1998's Pray may have earned Rebecca a Grammy Award for Best Rock Gospel Album, but it's only represented by two songs on Wait For Me — her modern rock driven title track and, oddly enough, the ethereal dance track "Mirror." Missing are two key singles, the popular sing-along benediction "Omega" and "Peace," an upbeat pop ballad similar to "Abba (Father)." From Rebecca's Transform album (2000), there's the techno throb of "Reborn" and the romantic ballad "Wait for Me," both hit singles. There's also "Stand," another anthemic ballad like "Peace," and "Abba (Father)" that wasn't as big a hit as either of them. Surprisingly left out are the CHR hit "Don't Worry" and the Rock radio hit "For the Love of God." The one album that's best represented on this compilation (arguably too much so) is Worship God. The producers have smartly included her two original and best cuts from the album, the synthesizer-driven rock of "Lamb of God," and the simplistic beauty of "Song of Love."

At first glance, it seems that the producers chose to focus on the songs written by Rebecca, rather than the cover songs and those by outside songwriters. That theory gets blown away with the inclusion of Rebecca's so-so rendition of the worship anthem "Breathe" from Worship God, which was nevertheless a hit single for her in 2002. There's also her cover of Keith Green's "Your Love Broke Through" (performed with Phil Keaggy) from last year's contemporary pop tribute album of the same name. That track is included here as a rarity for fans, but far more appreciated is the inclusion of Rebecca's post-Columbine hit ballad "Yes, I Believe in God," which has not been featured on any album until now.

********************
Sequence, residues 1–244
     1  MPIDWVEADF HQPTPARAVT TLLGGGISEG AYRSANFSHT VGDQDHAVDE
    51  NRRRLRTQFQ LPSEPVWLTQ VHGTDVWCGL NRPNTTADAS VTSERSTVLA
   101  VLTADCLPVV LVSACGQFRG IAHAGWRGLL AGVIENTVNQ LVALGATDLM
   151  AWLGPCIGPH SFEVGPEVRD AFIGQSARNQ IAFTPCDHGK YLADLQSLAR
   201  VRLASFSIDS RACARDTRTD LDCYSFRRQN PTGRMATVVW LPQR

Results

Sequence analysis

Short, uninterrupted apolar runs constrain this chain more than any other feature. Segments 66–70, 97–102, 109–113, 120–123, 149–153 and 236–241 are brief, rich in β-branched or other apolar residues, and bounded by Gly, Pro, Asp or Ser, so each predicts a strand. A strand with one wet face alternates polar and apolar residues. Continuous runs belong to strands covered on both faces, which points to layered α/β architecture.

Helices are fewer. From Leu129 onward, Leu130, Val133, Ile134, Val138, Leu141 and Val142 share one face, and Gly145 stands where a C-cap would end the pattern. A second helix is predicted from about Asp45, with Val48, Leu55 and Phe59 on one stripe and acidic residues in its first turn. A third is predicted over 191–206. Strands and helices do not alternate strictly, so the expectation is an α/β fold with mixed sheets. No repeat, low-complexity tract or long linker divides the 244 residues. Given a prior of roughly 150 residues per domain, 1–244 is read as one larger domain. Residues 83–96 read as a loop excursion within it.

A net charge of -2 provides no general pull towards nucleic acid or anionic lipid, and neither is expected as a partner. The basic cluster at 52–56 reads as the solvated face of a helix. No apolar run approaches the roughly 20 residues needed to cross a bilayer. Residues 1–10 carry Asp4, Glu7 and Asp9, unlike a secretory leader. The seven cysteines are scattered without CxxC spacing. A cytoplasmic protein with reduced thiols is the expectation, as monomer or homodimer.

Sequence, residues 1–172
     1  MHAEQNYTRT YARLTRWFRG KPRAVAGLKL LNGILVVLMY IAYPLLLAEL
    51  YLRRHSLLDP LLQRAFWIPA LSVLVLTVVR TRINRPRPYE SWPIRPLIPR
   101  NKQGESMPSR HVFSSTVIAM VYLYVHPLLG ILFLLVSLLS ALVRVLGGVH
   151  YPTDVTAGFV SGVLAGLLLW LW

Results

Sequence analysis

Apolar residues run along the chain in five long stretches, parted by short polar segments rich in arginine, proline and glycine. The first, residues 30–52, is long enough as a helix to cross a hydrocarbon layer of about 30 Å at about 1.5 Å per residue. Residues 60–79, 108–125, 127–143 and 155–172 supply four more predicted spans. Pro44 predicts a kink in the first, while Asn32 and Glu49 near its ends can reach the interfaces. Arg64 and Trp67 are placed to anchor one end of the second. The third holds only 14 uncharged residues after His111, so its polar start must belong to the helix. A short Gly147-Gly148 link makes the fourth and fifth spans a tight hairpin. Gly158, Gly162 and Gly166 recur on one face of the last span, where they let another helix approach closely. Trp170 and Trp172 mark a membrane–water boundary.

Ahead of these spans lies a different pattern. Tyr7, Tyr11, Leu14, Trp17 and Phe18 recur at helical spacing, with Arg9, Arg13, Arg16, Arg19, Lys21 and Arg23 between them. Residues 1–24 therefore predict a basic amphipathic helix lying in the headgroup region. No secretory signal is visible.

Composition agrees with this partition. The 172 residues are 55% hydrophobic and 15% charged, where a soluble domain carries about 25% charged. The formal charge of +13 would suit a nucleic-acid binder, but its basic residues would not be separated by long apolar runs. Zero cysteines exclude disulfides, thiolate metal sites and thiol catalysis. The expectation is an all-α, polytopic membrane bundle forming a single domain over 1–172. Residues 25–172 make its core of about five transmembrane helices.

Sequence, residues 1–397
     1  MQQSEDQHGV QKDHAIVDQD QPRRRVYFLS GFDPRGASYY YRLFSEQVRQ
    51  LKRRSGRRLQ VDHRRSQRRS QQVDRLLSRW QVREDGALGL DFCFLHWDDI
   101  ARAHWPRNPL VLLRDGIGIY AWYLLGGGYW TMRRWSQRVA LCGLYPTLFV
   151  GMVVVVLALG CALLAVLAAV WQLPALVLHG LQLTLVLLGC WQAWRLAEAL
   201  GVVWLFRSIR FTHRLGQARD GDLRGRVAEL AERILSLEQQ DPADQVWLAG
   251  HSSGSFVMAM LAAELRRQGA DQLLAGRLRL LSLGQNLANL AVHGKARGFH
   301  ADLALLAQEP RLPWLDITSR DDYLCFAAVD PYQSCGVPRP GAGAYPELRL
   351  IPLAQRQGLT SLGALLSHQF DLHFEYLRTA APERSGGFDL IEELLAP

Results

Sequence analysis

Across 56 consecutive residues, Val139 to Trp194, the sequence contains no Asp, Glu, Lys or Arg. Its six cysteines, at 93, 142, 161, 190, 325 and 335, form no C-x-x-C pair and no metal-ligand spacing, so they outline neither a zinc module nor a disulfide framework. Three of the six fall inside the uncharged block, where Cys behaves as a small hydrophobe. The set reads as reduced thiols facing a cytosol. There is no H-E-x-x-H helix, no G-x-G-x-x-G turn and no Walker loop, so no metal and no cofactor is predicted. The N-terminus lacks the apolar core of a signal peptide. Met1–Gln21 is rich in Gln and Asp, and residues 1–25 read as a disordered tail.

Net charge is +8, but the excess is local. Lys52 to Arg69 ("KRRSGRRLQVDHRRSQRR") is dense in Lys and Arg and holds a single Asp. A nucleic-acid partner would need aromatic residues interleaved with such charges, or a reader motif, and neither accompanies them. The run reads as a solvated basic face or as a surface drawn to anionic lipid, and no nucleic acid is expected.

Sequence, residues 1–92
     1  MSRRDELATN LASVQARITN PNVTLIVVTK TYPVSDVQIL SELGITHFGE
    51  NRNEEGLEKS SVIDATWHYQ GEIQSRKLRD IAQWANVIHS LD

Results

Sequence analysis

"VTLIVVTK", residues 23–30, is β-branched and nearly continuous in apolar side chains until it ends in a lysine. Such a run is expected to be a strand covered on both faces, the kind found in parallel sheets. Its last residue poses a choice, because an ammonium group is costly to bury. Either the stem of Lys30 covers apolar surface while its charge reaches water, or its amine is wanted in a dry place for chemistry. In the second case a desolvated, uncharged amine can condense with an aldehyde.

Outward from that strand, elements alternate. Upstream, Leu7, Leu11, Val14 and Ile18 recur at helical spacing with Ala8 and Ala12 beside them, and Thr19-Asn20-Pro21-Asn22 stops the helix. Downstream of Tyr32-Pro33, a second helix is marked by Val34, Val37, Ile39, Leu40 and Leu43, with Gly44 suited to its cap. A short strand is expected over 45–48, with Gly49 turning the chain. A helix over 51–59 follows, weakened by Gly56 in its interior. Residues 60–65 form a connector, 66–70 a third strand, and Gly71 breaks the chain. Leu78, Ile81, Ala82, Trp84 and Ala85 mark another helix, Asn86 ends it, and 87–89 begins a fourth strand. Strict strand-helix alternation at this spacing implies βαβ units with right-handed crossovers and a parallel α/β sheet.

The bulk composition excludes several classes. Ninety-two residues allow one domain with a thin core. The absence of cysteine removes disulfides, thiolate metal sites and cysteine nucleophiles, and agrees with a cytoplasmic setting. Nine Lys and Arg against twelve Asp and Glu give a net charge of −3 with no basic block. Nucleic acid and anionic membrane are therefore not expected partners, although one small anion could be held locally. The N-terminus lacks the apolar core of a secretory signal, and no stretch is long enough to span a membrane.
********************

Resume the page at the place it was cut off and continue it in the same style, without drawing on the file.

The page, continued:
Finally, there are two all new tracks for fans. "I Thank You" (not to be confused with her 1994 song "I Thank You Lord") is a very well produced dance pop song co-written with Steve Hindalong and Marc Byrd ("God of Wonders") that expresses firm conviction and thankfulness to God — an appropriate benchmark song for Rebecca's last ten years. "Expressions of Your Love," co-written and sung with worship leader Chris Tomlin, exalts the Almighty for all of his everyday blessings. These new tracks (as produced by long-time collaborator Matt Bronleewe) are very much in step with Rebecca's overall style, but they also sound revitalized because of the thick drum programming. I especially love the way Rebecca yet again takes chances with her voice on "Expressions of Your Love," launching into a soprano range for part of the chorus. If these tracks are a hint of the sound of her next album, the prospect of all-new material from this talented artist in the next year is even more exciting.

But presently, Wait For Me is clear proof that Rebecca St. James has too many radio singles and favorites to completely satisfy fans with a single disc retrospective. The oddly assembled disc doesn't do justice to her best work, but it will have to suffice for those seeking a concise overview of her catalog. Accept it as a collection of Rebecca's favorites, though it probably would have been smart to release a disc of only her best, packaged with an EP or full disc of rarities and new songs. Still, while Wait for Me could have been better, it does present enough examples of solid modern pop/rock and forthright messages of faith to demonstrate Rebecca's strengths as a minister and a songwriter, handily explaining her popularity and influence as an essential Christian artist over the last decade.